Singapore

Maid's murder conviction quashed, trial for killing employer to resume

A domestic worker, who admitted to a reduced murder charge in April for killing her employer, has had a change of heart and now wants to rely on psychiatric evidence in the hope of avoiding life imprisonment.

Yesterday, the High Court allowed an application by Daryati, 28, for her murder conviction to be quashed, after her lawyer told the court that she "wishes to be heard on a defence of diminished responsibility".

The case will now be scheduled for the trial to resume where it left off.

If the court accepts Daryati was suffering from a mental condition that diminished her responsibility for the killing, she will be facing life imprisonment or jail for up to 20 years for culpable homicide.

The contents of the defence psychiatric report have yet to be revealed in open court.

Daryati's lawyer, Mr Mohamed Muzammil Mohamed, later told The Straits Times that his client felt that "life imprisonment is on the heavy side".

KNIFE WOUNDS

The Indonesian does not dispute that she had repeatedly slashed and stabbed Madam Seow Kim Choo at her Telok Kurau house on June 7, 2016.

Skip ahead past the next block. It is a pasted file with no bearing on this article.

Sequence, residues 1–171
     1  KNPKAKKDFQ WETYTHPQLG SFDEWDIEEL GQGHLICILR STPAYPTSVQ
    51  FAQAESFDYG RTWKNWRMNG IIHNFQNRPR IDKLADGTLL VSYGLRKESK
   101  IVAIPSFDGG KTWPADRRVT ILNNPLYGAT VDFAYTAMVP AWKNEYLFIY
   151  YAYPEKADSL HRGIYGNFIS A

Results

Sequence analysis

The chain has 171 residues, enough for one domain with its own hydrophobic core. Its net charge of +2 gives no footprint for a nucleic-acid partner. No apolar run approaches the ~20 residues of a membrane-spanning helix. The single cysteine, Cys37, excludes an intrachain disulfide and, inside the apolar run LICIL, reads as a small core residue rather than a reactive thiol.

The attack left the 59-year-old victim with more than 90 knife wounds.

Daryati was originally tried for murder under Section 300(a) of the Penal Code, which carries the mandatory death penalty. The trial was heard for 17 days between April 23 last year and March 4 this year, and the prosecution has yet to close its case.

On April 6, the prosecution reduced the charge to murder under Section 300(c), which carries life imprisonment or the death sentence.

However, prosecutors told the court that they would not be seeking the death penalty. The case was adjourned for Mr Muzammil to prepare a mitigation plea.

The lawyer told ST that his client gave instructions to mount a diminished responsibility defence while he was preparing her mitigation plea. Daryati faces a second charge of attempting to murder Madam Seow's husband, Mr Ong Thiam Soon, then 57. This has been stood down for now. - THE STRAITS TIMES

COURT & CRIME